Old Brick Capitol, Mathew Brady, 1865
During the Capitol restoration, Congress met in a brick building located on the site of today’s Supreme Court.
National Archives and Records Administration, Washington, D.C.
Rebuilding after the War of 1812
Capitol restoration began soon after the fires of 1814 were out. B. Henry Latrobe, who had been Jefferson’s "surveyor of public buildings," was hired to restore the two wings.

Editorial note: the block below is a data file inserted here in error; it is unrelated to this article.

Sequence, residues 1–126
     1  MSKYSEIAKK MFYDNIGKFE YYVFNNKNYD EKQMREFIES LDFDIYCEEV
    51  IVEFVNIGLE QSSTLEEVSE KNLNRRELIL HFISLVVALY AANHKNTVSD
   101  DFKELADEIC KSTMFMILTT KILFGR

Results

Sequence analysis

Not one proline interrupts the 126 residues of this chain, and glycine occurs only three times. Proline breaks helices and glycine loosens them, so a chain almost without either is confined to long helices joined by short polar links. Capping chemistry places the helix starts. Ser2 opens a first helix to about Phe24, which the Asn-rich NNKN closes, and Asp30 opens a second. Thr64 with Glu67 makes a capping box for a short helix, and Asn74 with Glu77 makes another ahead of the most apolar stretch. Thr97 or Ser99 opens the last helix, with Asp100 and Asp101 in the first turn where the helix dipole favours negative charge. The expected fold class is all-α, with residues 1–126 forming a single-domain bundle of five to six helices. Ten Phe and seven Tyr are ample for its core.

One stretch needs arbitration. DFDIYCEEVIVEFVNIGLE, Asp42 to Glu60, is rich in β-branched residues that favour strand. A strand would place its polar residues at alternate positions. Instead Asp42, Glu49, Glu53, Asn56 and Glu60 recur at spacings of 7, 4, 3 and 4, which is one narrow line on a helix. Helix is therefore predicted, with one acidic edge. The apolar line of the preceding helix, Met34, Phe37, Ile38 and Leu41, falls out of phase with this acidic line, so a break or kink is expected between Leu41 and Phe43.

The project went beyond simple restoration, however. Changes in Congress prompted changes in the building’s interior. Chief among these were eight new rooms in the north wing for Senate committees. Latrobe also enlarged the House and Senate chambers, modifying their layout to better suit their operations. In plan and decoration, these spaces recalled the classical architecture of ancient Greece and Rome. To ensure that the work was both elegant and economical, one of the sculptors returned to Italy—where labor was cheaper—to supervise the carving of column capitals.